Embrace the Return

Embrace the return

On any particular day, if you looked at the minutes of my mind on a bar chart, you would be startled.

Much of the day, my mind is absorbed with meandering thoughts about tasks, details, to-do lists, whether to check email (again), and other minutia. When I stop to look, I see that a lot of my thoughts are a list of worries, real and imagined. My worry list creates a background radiation of low-grade anxiety that colors my day.

I don’t spend much time in the present.

I have moments of recognition when I pull my attention out of the chattering thought-stream and remember the larger context – remember that I started the day with an intention to remain conscious and open, or that my list of tasks is not as important as my state of being, or simply that I am connected to Spirit.

My attention oscillates back and forth throughout the day between attending to details and expanding into the larger context. We could call these two states worry mind and big mind. When I look at the daily bar chart of time spent in both, I can easily become aghast, but judging it as wrong is a mistake (it would just give my worry mind something new to worry about). My worry mind is only doing what it has been trained to do. I can train it to do something different, but not by scolding.

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Life Is Not a Problem to Be Hacked

Like everyone, I want things to be easy. There’s no need to make life hard if there’s a smarter way to do things.

I’m always looking for tips, like Hints from Heloise:  freeing a sticky zipper with a graphite pencil, or putting newspaper at the bottom of a trash bag to collect the drippings (do people still use pencils, or newspapers, or read Hints from Heloise?)

But modern life has made things so convenient, we’ve come to expect that every frustration must have a secret tip that would sweep it away. We’ve been trained to expect our lives to be frictionless, an expectation that magnifies each irritation as a surprising anomaly. So many things are so easy, we have become addicted to convenience, despite the fact that life is often inherently inconvenient.

A whole industry has dedicated itself to providing life hacks, those quick and easy steps that let us jump the line over the daily toils of living. Don’t want to eat healthy and move your body? Take this supplement that burns belly fat. Don’t want to discipline your spending habits? Download this easy plan for growing rich.

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Spiritual Practice Is an Exercise in Surrender

Spiritual practice is an exercise in surrender

“Happiness cannot be pursued; it must ensue, and it only does so as the unintended side-effect of one’s personal dedication to a cause greater than oneself or as the by-product of one’s surrender to a person other than oneself.”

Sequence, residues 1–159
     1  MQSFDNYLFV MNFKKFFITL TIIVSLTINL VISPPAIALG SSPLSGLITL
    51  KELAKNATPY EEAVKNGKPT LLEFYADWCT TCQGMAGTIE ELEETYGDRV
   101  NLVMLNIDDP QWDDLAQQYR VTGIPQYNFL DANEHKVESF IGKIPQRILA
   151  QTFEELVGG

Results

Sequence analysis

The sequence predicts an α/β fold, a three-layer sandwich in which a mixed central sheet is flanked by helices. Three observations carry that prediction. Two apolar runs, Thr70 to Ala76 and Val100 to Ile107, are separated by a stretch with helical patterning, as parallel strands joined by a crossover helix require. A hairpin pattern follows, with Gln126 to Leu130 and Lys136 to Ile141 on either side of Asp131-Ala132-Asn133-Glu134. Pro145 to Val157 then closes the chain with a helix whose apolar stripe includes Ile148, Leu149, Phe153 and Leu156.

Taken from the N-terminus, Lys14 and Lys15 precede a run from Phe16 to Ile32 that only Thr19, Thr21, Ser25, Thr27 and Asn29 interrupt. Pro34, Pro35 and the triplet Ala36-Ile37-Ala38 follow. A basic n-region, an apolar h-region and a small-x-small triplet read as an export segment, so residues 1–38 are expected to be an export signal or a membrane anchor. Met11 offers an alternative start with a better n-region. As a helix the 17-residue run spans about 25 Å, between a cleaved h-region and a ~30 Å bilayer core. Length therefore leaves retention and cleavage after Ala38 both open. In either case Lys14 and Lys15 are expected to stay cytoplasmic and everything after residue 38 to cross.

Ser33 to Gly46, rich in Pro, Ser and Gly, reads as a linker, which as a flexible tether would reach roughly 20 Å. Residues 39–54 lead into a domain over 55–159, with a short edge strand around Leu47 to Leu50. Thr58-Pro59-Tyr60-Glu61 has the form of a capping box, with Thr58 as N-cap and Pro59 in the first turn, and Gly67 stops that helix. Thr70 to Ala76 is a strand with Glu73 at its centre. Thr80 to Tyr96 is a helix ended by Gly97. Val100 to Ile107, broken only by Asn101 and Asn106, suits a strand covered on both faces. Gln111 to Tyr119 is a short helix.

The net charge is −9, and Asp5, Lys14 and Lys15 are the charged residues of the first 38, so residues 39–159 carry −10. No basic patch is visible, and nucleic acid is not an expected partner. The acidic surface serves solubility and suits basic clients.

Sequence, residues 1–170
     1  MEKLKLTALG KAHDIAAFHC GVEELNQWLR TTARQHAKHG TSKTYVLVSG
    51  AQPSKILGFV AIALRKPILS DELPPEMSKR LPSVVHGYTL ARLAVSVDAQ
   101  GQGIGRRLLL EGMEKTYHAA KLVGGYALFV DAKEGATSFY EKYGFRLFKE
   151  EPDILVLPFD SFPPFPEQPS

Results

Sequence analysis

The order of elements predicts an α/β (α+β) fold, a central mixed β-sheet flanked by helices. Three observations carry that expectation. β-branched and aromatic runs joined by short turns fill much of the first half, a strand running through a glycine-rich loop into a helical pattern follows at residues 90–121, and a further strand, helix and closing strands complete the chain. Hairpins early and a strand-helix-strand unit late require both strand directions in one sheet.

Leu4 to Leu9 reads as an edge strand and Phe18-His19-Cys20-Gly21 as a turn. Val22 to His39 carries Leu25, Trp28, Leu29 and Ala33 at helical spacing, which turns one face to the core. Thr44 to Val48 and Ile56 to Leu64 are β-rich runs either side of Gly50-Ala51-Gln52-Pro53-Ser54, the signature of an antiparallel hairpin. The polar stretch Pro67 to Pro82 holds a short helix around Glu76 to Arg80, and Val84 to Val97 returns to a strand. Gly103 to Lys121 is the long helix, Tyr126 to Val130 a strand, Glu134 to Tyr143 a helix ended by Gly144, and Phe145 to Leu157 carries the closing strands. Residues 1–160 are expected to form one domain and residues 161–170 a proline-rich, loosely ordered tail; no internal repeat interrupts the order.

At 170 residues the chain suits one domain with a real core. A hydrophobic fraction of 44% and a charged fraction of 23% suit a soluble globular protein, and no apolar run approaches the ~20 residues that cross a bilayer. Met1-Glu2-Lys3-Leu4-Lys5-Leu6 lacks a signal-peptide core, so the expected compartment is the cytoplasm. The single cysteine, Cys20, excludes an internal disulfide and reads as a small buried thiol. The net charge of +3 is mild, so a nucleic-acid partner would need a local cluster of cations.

Viktor Frankl


I want to grow.

I want to progress on my path of spiritual development. I want to be a better person. I want to connect more deeply with Spirit. And I want to prove that I am up to the challenge, that I am worthy of such noble goals.

But I have a nagging feeling that something about my desire is getting in the way. My effort has a quality of striving, an overreaching that feels out of balance.

Through my life experience, I’ve trained myself to pursue my goals with perseverance. I see something I want, I make a plan, and I take actions that move me toward my goal. When things get tough, I don’t stop, I push harder. And for many aspects of my life, this works. I am able to get the things I want and I feel good.

But spiritual growth doesn’t work like that because it’s not about achieving something I don’t have. It doesn’t make me worthy. It isn’t what connects me to Spirit. It reveals what is already present:  my inherent goodness, my radiant beauty, my ever-drenching immersion with the Cosmos.

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From Unity to Separation to Unity

The spiritual journey goes from unity to separation to unity

I want to let the false narratives, the tired stories I’ve told myself about myself, to fall away. I want to touch my true nature, the core that holds my inherent goodness and connects me to the Cosmos, and let it shine.

That’s what the spiritual journey does. And when it hits the sweet spot, it takes me to a mountaintop where I can see farther and feel deeper. I am changed for having walked the miles below.

But if it’s so good, why is this journey so hard? If my spiritual desire is so strong, why am I constantly knocked off the path by the problems, challenges, and distractions of daily life?

Maybe it’s because the spiritual journey is embedded in the physical journey. Maybe we don’t walk the path to escape the woes of the physical world, maybe the physical and the spiritual are woven into the path together, interdependent vehicles that enhance each other so that our walking takes us naturally from unity, through separation, and back to unity.

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The Promise of Practice

The Proven Value of Contemplative Practice

My day is full. And so is my mind.

I’m occupied with tasks, activities, frustrations, conversations, appointments, phone calls, and all the thoughts, feelings, speculations, and memories that come along for the ride. I handle these with a normal, everyday level of awareness that seems to do just fine. But the pressured pace of skimming from item to item can leave me feeling scattered and brittle.  

A contemplative practice offers me a chance to step off the hamster wheel, reflect, and build capacities that reconnect me to the depth of who I am and what I care about.